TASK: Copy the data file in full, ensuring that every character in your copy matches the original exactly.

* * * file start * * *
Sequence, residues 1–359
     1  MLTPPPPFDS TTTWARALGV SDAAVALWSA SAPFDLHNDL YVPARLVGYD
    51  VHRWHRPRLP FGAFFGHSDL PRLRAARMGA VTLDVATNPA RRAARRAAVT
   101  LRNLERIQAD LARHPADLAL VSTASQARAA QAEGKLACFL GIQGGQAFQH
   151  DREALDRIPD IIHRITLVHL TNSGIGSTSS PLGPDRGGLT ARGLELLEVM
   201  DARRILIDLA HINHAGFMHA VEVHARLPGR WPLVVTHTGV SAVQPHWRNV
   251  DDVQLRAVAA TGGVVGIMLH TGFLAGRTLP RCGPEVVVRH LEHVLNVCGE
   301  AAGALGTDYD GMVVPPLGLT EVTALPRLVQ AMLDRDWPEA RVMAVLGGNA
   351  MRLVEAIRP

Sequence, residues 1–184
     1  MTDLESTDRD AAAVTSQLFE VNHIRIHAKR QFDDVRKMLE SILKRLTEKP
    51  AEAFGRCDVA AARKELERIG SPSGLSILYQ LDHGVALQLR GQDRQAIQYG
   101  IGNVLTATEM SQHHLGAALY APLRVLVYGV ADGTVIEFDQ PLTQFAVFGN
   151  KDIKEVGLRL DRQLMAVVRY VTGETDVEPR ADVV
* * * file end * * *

Sequence, residues 1–359
     1  MLTPPPPFDS TTTWARALGV SDAAVALWSA SAPFDLHNDL YVPARLVGYD
    51  VHRWHRPRLP FGAFFGHSDL PRLRAARMGA VTLDVATNPA RRAARRAAVT
   101  LRNLERIQAD LARHPADLAL VSTASQARAA QAEGKLACFL GIQGGQAFQH
   151  DREALDRIPD IIHRITLVHL TNSGIGSTSS PLGPDRGGLT ARGLELLEVM
   201  DARRILIDLA HINHAGFMHA VEVHARLPGR WPLVVTHTGV SAVQPHWRNV
   251  DDVQLRAVAA TGGVVGIMLH TGFLAGRTLP RCGPEVVVRH LEHVLNVCGE
   301  AAGALGTDYD GMVVPPLGLT EVTALPRLVQ AMLDRDWPEA RVMAVLGGNA
   351  MRLVEAIRP

Sequence, residues 1–184
     1  MTDLESTDRD AAAVTSQLFE VNHIRIHAKR QFDDVRKMLE SILKRLTEKP
    51  AEAFGRCDVA AARKELERIG SPSGLSILYQ LDHGVALQLR GQDRQAIQYG
   101  IGNVLTATEM SQHHLGAALY APLRVLVYGV ADGTVIEFDQ PLTQFAVFGN
   151  KDIKEVGLRL DRQLMAVVRY VTGETDVEPR ADVV